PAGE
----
Taking the ‘World’ out of the ‘Cup’
Teams like Afghanistan have provided us with the most thrilling matches.
If there’s any type of story that has survived changing worlds and changing times, it is the story of the underdog fighting for survival and glory. The masses root for you when you stand firmly and thwart attacks. You become a hero, an inspiration, a symbol of resilience and more importantly you prove that battles have defeats, but spirits cannot be vanquished.
Remember chicken farmer Eddo Brandes ripping through the English batting line-up in 1992? Remember Kenya’s victory lap after defeating West Indies in 1996 and how they stormed into the semis in 2003? Remember Dwayne Leverock diving in the slips to catch Robin Uthappa in 2007?
Are we seriously going to ignore Ireland knocking at the door for close to a decade now? Do we want to rob cricket of such moments under the pretext of having ‘evenly-matched teams’? Are we going to deny this sport (that we love) any chance of expansion?
Isn’t cricket more about good cricket than whether Goliath is larger than (richer than) David? Alas, the umpire’s decision is final (let’s ignore DRS for metaphorical effect) and the ‘umpires’ governing cricket are increasingly resembling playground bullies. Sides which do not particularly enhance ICC’s (read one particular cricket board’s) financial and political clout are being sidelined, not unlike a shady dismissal by an inept umpire.
I say inept because discrimination against Associate nations is a disastrous and myopic approach towards administration. Claiming to be responsible for the development of cricket in the world while not letting good teams become better isn’t convincing anyone. How can you have evenly matched teams if you won’t let countries play at an equal level? What you are trying to stifle is only going to kill the cash cow that you are milking currently.
Trimming your largest tournament from 14 teams to 10 teams is not going to guarantee good quality cricket. Especially, since, there’s so much disparity within the elite club of Full Members.
Why should some teams have more fixtures on their calendar than others? And is the ranking system fair if all teams don’t play an equal quality and quantity of cricket? Likewise, having 14 teams in the tournament hasn’t exactly been drab and dreary. Associate Nations are right up there with the others.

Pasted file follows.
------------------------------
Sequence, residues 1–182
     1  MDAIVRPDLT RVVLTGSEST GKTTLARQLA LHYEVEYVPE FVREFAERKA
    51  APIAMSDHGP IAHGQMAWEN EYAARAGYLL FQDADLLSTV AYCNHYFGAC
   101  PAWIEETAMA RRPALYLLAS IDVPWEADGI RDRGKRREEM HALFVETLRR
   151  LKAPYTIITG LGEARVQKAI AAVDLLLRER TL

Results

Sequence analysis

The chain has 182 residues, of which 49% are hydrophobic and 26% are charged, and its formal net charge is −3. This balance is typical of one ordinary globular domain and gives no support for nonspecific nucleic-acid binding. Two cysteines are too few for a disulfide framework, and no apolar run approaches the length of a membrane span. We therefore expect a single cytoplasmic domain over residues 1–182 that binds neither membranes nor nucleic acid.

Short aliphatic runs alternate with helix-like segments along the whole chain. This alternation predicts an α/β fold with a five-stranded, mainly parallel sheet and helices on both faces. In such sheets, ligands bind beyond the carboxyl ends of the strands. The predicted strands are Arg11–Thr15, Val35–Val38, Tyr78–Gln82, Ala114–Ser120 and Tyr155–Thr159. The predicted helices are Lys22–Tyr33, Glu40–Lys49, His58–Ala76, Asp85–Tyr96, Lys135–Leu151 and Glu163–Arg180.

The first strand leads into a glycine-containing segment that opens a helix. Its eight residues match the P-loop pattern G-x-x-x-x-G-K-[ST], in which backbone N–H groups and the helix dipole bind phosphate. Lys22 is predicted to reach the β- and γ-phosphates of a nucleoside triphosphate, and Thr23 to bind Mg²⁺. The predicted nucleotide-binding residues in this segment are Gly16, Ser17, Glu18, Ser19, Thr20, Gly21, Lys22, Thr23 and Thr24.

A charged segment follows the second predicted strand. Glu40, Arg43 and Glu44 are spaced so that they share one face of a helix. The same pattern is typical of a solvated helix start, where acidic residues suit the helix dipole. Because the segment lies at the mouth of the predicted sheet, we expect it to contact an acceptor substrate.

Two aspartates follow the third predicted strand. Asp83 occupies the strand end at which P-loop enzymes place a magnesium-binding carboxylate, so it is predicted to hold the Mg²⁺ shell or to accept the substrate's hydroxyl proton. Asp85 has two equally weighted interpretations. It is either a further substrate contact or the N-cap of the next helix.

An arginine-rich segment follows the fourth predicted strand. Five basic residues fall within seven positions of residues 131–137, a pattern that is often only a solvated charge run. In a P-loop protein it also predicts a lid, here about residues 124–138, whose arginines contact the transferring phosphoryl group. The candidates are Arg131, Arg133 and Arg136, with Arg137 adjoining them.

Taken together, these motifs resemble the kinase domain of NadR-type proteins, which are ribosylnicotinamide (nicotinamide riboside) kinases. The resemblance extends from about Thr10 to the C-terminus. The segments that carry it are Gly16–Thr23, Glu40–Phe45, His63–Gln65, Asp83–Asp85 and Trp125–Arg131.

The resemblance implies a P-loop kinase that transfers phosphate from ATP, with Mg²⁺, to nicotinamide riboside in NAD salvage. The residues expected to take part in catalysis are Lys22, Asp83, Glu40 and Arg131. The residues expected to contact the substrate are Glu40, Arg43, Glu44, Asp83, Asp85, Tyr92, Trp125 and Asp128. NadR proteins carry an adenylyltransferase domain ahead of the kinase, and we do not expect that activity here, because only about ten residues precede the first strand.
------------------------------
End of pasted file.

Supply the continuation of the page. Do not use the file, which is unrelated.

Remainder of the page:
Ireland’s consistent performance is apparently not enough to warrant elevation to Full Membership whereas some Test teams continue to perform dismally without the fear of relegation. They are doing to Ireland what they did to Kenya. A slow and painful slump awaits the Irish and the O’Briens and Stirlings will face the fate that the Odumbes and Tikolos had to face. The Morgans will continue to migrate and yet another flame shall be doused.
In a world that leans more towards satire than realism, Orwellian situations are, quite eerily enough, seen almost everywhere. Some are more equal than others – in cricket too. Some Associate nations will get a rare chance to prove themselves, while others will be forced to spend more time mulling over where it went wrong.
Ireland and Afghanistan may have a better chance but why is an opportunity exclusive to a couple of teams? There is no logic that supports selectivity in a sport. One may argue that a sport is always a commercial venture and profits are dictated by fans. However, there is no doubt that the fans of cricket do want more teams to be a part of this cricket-loving family. If the ultimate goal is to earn more money, thanks to fans, wouldn’t it be wise to pay heed to so many fans asking for a more inclusive world of cricket?
This sport was conceived in a world where the sun never set on the Empire. Aren’t we obligated to not let the sun set over a cricket-playing world? If only we could invoke DRS to reverse this trend of bullying in cricket, there’s plenty of room for more teams in the hearts of cricket fans. Until then, we will cheer for the Stanikzais and the Dockrells.